Although she was born in New York City, Julia Alvarez spent much of her childhood in the Dominican Republic. Her parents were from the island. Her mother came from a well-positioned and wealthy family, but her father was rather poor. The family’s divided economic position was tied to political problems within the Dominican Republic. Her father’s family, which once was wealthy, supported the wrong side during the revolution and her mother’s family benefited by supporting those who gained power. Julia’s family, although poorer than most of their relatives, enjoyed a privileged position in the Dominican Republic.
Although she was raised in the Dominican Republic, Alvarez describes her childhood as “an American childhood.” Her extended family’s power, influence, American connections, and wealth led to Alvarez’s enjoying many of the luxuries of America, including American food, clothes, and friends. When Alvarez’s father became involved with the forces attempting to oust the dictator of the Dominican Republic, Rafaél Leonidas Trujillo Molina, the secret police began monitoring his activity. Immediately before he was to be arrested in 1960, the family escaped to America with the help of an American agent. In an article appearing in American Scholar (“Growing Up American in the Dominican Republic”) published in 1987, Alvarez notes that all her life she had wanted to be a true American girl. She thought, in 1960, that she was going to live in her homeland, America.
Living in America was not quite what Alvarez expected. As her fictional but partly autobiographical novel How the García Girls Lost Their Accents (Alvarez) hints, Alvarez was faced with many adjustments in America. She experienced homesickness, alienation, and prejudice. Going from living on a large family compound to living in a small New York apartment was, in itself, quite an adjustment. Alvarez’s feeling of loss when moving to America caused a change in her. She became introverted, began to read avidly, and eventually began writing.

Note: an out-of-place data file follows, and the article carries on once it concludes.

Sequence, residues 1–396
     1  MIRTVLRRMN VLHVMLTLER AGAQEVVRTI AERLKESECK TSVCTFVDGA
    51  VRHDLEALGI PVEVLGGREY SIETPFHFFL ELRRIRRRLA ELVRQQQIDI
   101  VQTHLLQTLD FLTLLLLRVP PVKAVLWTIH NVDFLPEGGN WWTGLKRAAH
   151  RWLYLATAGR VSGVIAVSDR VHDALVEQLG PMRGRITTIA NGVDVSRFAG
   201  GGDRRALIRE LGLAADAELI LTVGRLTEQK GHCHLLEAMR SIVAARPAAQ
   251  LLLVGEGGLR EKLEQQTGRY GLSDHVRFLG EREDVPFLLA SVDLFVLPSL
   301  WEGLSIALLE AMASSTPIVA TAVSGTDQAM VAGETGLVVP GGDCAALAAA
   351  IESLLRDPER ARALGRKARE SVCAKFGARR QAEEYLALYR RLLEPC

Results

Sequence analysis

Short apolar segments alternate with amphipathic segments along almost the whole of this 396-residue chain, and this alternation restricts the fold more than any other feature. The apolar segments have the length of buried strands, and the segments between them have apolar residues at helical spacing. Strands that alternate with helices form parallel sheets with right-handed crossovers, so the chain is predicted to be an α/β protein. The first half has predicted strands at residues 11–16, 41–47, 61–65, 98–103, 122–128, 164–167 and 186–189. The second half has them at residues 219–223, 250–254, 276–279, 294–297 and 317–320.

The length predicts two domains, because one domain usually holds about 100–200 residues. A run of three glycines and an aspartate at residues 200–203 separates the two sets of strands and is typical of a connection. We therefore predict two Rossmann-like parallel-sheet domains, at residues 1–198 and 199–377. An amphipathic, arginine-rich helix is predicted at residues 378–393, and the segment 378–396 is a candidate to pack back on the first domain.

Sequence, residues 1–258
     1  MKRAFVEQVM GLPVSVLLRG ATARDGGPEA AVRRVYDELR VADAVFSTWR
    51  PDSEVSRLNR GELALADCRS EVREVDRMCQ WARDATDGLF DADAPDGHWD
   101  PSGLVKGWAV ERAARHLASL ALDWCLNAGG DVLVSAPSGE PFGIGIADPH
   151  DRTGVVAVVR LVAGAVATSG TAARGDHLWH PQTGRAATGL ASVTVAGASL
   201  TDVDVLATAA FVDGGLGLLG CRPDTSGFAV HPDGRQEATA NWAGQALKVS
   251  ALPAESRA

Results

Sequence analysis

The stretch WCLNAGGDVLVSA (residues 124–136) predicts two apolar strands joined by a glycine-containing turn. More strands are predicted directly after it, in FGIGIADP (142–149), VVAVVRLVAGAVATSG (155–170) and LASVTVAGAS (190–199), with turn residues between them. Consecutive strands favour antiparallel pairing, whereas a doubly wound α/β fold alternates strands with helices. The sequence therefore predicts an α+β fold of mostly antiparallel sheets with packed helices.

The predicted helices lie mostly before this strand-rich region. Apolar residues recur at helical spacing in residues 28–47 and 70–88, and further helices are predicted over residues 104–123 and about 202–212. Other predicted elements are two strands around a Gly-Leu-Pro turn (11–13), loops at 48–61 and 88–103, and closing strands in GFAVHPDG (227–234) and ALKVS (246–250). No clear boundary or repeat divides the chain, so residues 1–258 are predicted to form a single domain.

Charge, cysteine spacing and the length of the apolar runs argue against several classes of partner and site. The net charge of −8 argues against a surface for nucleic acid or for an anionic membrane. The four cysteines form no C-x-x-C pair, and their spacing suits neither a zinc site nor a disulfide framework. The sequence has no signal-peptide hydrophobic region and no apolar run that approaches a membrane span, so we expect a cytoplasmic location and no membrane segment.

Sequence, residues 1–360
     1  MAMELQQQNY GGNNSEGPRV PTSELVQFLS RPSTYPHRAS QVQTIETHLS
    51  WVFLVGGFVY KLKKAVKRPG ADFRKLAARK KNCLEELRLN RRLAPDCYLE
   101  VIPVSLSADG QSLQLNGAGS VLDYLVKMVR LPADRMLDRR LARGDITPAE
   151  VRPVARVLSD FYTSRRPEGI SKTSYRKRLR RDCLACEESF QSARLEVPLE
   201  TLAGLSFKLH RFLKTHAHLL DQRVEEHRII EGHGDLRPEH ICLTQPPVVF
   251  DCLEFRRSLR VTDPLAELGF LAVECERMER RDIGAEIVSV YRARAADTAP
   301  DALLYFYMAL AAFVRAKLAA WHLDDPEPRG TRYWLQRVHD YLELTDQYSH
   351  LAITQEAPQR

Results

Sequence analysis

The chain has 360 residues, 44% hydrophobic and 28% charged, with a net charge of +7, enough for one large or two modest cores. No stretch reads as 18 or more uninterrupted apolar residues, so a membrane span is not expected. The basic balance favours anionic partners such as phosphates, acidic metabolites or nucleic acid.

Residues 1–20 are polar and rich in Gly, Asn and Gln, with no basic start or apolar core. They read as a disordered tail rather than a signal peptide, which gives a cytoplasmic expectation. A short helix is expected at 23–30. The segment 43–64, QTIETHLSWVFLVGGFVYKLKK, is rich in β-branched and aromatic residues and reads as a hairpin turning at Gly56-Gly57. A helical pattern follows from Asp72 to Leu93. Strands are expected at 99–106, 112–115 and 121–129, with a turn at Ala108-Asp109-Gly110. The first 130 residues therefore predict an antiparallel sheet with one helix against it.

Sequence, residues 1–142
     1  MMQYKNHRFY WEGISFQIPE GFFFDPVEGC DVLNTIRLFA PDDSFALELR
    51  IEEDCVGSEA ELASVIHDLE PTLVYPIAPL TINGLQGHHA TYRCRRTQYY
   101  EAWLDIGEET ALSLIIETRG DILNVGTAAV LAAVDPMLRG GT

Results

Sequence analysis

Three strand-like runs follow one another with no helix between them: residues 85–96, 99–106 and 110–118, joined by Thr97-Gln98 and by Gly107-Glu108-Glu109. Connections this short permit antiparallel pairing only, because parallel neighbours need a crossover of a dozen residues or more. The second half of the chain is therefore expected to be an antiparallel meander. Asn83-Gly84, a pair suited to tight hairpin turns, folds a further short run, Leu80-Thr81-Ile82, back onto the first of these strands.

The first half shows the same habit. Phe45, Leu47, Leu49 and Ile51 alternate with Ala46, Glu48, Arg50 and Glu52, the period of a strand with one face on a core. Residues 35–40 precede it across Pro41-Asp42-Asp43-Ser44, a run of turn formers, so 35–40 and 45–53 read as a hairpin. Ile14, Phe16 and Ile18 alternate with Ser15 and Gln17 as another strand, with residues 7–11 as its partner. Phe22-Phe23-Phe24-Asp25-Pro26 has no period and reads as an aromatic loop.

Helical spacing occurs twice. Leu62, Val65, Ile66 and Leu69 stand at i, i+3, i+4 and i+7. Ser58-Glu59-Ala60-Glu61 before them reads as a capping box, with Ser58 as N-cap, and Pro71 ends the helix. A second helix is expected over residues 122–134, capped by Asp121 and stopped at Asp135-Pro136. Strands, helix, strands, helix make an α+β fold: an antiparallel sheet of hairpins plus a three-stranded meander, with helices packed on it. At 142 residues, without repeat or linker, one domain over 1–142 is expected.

Alvarez attended college, earning degrees in literature and writing. She took a position as an English professor at Middlebury College in Vermont. She has published several collections of poetry, but her best-known work is her semiautobiographical novel How the García Girls Lost Their Accents. Alvarez can be praised for her portrayal of bicultural experiences, particularly for her focusing on the women’s issues that arise out of such an experience.
Julia Alvarez was born Julia Altagracia Maria Teresa Alvarez in New York City in 1950, the second of four daughters, but her family returned to the Dominican Republic when she was still an infant. Her mother and her father, a doctor, both came from large, affluent Dominican families that had respect for and connections to the United States. Alvarez and her sisters grew up in a large and traditional extended family; she remembers the men going to work and the children being raised with their cousins by a large group of aunts and maids. She came to recognize the restrictions these women faced: One aunt was trained as a physician but did not practice; another aunt, known as the one who read books, was unconventional and unmarried. This “reading aunt” gave Alvarez a copy of the classic collection of folktales One Thousand and One Nights, introducing her to her “first muse,” Scheherazade, a princess who was dark-skinned and resourceful. Alvarez, fascinated by the possibilities of storytelling, would draw on her experiences with her aunts, maids, cousins, and siblings for several of her novels, notably How the García Girls Lost Their Accents.
Alvarez was ten years old when her father’s involvement in a plot to overthrow Dominican dictator Rafael Trujillo was discovered. With the help of a U.S. agent, the family escaped and returned to New York City. Although Alvarez yearned for this “homecoming,” the adjustment was difficult for...